Kiwis knock Swedes out of America’s Cup

Swedish yacht Victory Challenge has ended its pursuit of the 32nd America's Cup after losing a close-fought encounter with Emirates Team New Zealand.

The Swedish team had defied expectations after securing a victory over Spanish team Desafio Espanol in the Louis Vuitton Cup off Valencia on Monday.

The success against the Spaniards in the eleven-team regatta was a vindication for a team which had struggled with financial difficulties for many years before securing a new sponsorship deal last March.

But the dream was to come to an end on Tuesday for the team founded by the late business mogul Jan Stenbeck and now operated by a syndicate headed by his son Hugo. The Swedes needed both to win against the Kiwis and for the Spaniards to lose to US giants BMW Oracle Racing. So while Desafio lost out to the Americans by 55 seconds, it was not enough to save the Swedes.

Victory Challenge had led by 10sec going round the top mark for the first time before

quickfire Kiwi tacking saw them head through the gate just clear.

The Swedish crew’s skipper Magnus Holmberg doffed his cap to Emirates’ powers of recovery after his team gave Dean Barker’s crew a good run for their money.

“I don’t quite understand how they did it because they were in a very vulnerable position,” Holmberg said. “But they managed to hang on.” – and rein the Swedes in.

“We felt we had a chance to make it to the semis. It was bloody close and we didn’t make it all the way but that’s life,” shrugged the Swede.

BMW maintained their position at the top of the leaderboard with 37 points from 19 races, one clear of the New Zealanders.

The America’s Cup, the oldest active trophy in international sport, is currently held by Alinghi of Switzerland. The winner of the Louis Vuitton Cup will challenge Alinghi for the main prize.

By The Local and agencies


Swedish boat sails to overall victory in Volvo Ocean Race

Ericsson 4 of Sweden won the 2009-2010 edition of the Volvo Ocean Race on Monday, marking the second time a Swedish boat has placed first in the grueling nine-month round-the-world sailing competition.

Swedish boat sails to overall victory in Volvo Ocean Race

The VO70 yacht skippered by Brazilian Torben Grael came in third in the ninth and next-to-last stage between the Swedish port of Marstrand and Sandham near Stockholm, and cannot now be caught in the overall standings.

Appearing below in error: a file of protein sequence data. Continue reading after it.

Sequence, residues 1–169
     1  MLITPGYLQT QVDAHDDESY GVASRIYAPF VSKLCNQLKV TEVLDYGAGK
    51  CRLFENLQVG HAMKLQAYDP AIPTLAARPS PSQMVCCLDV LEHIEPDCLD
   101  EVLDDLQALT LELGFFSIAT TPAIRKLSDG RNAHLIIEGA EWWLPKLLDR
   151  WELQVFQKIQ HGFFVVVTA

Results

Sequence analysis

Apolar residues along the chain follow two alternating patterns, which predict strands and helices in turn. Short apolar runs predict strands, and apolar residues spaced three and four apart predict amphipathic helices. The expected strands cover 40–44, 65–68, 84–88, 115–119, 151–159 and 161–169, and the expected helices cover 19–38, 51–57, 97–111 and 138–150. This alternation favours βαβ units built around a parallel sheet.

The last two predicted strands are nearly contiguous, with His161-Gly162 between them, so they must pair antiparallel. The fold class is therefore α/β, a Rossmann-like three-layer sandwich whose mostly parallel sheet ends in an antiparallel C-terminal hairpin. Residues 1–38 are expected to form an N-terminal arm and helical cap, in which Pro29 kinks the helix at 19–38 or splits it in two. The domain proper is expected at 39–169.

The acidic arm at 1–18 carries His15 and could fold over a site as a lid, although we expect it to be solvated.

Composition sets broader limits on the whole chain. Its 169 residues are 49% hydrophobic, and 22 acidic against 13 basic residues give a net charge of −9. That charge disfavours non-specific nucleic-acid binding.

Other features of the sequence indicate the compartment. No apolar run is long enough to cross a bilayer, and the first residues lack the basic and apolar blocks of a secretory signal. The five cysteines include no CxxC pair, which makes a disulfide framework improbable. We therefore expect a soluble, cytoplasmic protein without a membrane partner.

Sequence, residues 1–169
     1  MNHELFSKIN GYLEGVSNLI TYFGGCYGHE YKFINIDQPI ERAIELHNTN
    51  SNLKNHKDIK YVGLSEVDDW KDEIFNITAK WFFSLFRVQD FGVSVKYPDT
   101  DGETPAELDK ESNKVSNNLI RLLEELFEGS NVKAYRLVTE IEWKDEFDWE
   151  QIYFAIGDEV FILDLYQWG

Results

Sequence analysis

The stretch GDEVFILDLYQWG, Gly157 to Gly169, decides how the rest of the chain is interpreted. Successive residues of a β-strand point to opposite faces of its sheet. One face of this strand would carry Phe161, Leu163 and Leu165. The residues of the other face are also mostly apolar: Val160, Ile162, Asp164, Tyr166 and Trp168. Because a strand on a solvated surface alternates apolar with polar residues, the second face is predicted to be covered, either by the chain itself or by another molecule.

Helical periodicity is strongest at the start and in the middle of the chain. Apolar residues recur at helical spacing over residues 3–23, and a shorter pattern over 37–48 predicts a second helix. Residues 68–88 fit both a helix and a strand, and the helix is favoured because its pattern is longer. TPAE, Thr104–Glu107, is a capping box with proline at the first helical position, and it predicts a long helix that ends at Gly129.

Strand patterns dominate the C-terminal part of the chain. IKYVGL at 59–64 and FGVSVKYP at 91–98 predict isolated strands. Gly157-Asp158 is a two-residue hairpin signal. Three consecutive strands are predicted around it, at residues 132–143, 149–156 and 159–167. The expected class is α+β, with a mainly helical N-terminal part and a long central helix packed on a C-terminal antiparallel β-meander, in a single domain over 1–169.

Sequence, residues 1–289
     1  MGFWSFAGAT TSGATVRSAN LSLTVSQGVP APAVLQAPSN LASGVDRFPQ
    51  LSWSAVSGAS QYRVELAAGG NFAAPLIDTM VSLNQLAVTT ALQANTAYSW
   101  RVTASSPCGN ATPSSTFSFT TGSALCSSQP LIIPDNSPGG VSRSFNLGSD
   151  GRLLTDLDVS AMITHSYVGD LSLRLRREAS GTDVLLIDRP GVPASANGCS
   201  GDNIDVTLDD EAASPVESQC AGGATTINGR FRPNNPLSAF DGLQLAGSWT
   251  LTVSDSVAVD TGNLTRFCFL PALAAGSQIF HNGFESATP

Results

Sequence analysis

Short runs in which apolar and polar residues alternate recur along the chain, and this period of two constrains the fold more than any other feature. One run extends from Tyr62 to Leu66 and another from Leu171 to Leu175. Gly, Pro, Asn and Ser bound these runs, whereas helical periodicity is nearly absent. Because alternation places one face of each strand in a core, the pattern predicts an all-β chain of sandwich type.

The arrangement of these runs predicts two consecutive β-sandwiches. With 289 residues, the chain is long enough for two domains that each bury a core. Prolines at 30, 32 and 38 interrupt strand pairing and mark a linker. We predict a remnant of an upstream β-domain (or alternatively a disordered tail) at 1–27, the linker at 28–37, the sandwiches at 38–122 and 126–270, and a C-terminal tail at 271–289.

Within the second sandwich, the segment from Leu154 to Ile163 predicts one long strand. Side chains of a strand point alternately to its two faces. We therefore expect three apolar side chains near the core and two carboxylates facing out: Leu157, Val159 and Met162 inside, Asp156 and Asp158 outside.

The short 525-mile leg was won by US entry Puma Ocean Racing, which recorded its first stage victory in the event.

Puma crossed the line at 10.40 pm, just metres ahead of the other Swedish entry, Ericsson 3, after a thrilling finish. Ericsson 4 arrived about 15 minutes later.

It was the second time a Swedish yacht has won the event after EF Language in the 1997-98 edition.

Ericsson 4, the favorite before the event began in the Spanish Mediterranean port of Alicante in October, has won five of the nine stages held so far.

There still remains an in-port race in Stockholm on Sunday and the 10th and final stage between the Swedish capital and St Petersburg in Russia, where the yachts are expected on June 27 at the end of the 37,000-mile event.

But only a maximum of 12 points remain to be won for any one boat, and Ericsson 4 has an unassailable 13-point lead.

The Ericsson team was by far the best prepared for the event, with a budget of €80 million ($110 million) for the two boats — Ericsson 4 and Ericsson 3.

The two Spanish yachts, Telefonica Blue and Telefonica Black, were expected to be its main rivals before the start, but both were hit by bad luck.

Grael, 48, a double Olympic champion and America’s Cup specialist, has won his first ever ocean race. He finished third in the last Volvo race in 2005-06 in charge of the yacht Brazil 1.

Puma’s win reinforced its claim to second place in the event. Its main rival for the spot, Telefonica Blue, skippered by Dutch veteran Bouwe Bekking, hit a rock as the yachts left Marstrand was undergoing repairs Monday prior to restarting the leg on Wednesday or Thursday.

The Volvo race, known as the “Everest of sailing”, started out in 1973 as the Whitbread race.

The 10th edition of the race involving the single-hull 70-foot (21.3-metre) yachts this time was longer and more arduous than ever, taking in Southeast Asia for the first time.

Eight teams started the event, but only seven are remaining after Team Russia withdrew.

The teams received points according to their position in each leg. Half points were awarded for the positions in the in-port races.